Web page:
• Variate Your Intensity: Include interval training and hill repeats in your cycling regimen to put your muscles to the test and increase your endurance. This helps to mimic the demands of various surfaces and levels of difficulty seen during outdoor cycling.
  • Cross-Train: To add diversity and target, other muscle groups, partake in additional cardiovascular workouts like swimming or running. This can lessen the likelihood of muscular imbalances and improve general fitness.
  • Relax your muscles with a massage: Vibration and deep pressure are used in massage guns, a popular workout recovery tool. It is possible to apply the muscle massage gun to sore or tense muscles, leaving each location for at least 30 seconds.
  • Stretch and foam roll: To keep cycling muscles flexible and prevent tightness, stretch them after each session.


Which Muscles Are Used When Riding a Bike? – YouTube

Emily Brook

Emily Brook

Hi, I'm Emily, a Health and Fitness Specialist with FivaliFitness. With years of experience in the fitness industry as a certified personal trainer, I am passionate about helping individuals achieve their health and fitness goals.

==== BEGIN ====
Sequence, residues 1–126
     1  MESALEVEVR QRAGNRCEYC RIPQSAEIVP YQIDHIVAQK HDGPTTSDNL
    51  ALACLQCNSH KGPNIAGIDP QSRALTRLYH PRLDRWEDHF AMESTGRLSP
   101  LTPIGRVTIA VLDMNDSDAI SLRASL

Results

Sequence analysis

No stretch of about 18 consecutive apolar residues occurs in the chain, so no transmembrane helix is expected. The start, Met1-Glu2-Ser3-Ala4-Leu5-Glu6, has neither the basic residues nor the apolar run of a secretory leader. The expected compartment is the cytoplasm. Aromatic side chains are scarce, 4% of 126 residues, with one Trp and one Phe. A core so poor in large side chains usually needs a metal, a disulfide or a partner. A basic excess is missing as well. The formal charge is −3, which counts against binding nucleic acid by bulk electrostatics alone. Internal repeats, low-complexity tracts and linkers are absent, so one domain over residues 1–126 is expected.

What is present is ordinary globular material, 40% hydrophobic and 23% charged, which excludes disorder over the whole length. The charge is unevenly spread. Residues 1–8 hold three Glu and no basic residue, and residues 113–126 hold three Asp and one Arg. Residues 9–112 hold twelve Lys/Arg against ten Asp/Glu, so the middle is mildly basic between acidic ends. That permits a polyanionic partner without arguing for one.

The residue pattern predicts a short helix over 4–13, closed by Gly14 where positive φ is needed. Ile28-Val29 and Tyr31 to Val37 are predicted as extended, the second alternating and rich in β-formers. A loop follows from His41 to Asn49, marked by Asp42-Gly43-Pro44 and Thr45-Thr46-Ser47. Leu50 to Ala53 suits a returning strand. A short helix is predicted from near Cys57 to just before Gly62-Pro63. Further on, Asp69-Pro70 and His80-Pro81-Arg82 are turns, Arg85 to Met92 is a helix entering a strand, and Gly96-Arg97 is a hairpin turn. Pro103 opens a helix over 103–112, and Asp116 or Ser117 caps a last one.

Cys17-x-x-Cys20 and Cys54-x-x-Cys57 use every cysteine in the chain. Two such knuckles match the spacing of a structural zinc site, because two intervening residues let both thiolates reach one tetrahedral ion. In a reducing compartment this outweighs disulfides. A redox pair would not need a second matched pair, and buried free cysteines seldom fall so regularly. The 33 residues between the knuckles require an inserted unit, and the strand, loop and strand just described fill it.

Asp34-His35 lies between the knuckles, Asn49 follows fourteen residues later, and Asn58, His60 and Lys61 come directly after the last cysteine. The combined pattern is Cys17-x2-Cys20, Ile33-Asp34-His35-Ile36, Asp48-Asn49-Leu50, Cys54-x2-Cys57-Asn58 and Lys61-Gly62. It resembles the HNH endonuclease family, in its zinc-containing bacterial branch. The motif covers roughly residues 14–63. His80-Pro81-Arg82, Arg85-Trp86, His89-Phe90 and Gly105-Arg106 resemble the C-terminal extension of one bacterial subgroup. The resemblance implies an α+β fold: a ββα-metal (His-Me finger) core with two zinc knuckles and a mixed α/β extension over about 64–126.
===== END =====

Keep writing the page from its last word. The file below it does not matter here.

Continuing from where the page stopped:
Whether you're new to fitness or an experienced athlete, our products and resources are designed to support and enhance your fitness journey. So, if you have any questions, don't hesitate to reach out to me at any time!

The information provided in articles written by Fivali is intended for educational and reference purposes only. The content on this website ( is not intended to diagnose, treat, cure, or prevent any disease. We do not recommend self-diagnosis or self-treatment based on the information provided in our articles. Always consult a qualified healthcare professional if you have any concerns about your health or well-being.
If you are experiencing any symptoms or discomfort, we strongly encourage you to seek medical attention from a qualified healthcare professional. Only a licensed healthcare practitioner can provide an accurate diagnosis and appropriate treatment plan tailored to your individual needs.